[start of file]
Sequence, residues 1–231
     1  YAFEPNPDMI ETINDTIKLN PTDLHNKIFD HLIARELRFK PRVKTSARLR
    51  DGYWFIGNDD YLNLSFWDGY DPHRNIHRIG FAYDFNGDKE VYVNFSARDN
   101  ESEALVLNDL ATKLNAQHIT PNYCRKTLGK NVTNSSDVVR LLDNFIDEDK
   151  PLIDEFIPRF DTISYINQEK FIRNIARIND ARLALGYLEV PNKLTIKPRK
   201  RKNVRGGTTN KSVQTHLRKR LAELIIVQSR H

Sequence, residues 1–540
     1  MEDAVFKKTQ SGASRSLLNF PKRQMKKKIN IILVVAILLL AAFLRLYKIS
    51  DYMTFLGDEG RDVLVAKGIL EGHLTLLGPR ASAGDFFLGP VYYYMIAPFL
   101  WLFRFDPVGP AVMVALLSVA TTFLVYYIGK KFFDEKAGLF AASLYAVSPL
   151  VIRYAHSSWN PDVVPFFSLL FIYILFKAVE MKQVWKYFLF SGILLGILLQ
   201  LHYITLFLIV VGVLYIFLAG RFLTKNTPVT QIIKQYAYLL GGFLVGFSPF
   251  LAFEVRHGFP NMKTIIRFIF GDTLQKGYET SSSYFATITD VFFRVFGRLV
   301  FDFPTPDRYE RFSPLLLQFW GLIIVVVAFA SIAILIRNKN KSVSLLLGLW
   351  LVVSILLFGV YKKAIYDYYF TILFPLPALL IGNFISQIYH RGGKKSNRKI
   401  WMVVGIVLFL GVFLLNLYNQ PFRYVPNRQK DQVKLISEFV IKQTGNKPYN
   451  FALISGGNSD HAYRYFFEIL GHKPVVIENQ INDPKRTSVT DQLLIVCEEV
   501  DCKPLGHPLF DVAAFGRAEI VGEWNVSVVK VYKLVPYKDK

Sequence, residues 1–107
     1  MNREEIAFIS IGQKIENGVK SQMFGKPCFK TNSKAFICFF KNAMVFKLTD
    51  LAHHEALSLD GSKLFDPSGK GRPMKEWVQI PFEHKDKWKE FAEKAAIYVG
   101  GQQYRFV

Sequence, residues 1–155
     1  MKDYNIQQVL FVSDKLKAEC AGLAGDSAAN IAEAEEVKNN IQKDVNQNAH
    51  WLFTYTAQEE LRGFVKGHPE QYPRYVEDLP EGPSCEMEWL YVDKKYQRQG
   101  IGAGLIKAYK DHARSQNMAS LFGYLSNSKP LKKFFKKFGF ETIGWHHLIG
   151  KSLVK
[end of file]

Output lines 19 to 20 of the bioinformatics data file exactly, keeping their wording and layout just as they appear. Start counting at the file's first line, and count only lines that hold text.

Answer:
Sequence, residues 1–107
     1  MNREEIAFIS IGQKIENGVK SQMFGKPCFK TNSKAFICFF KNAMVFKLTD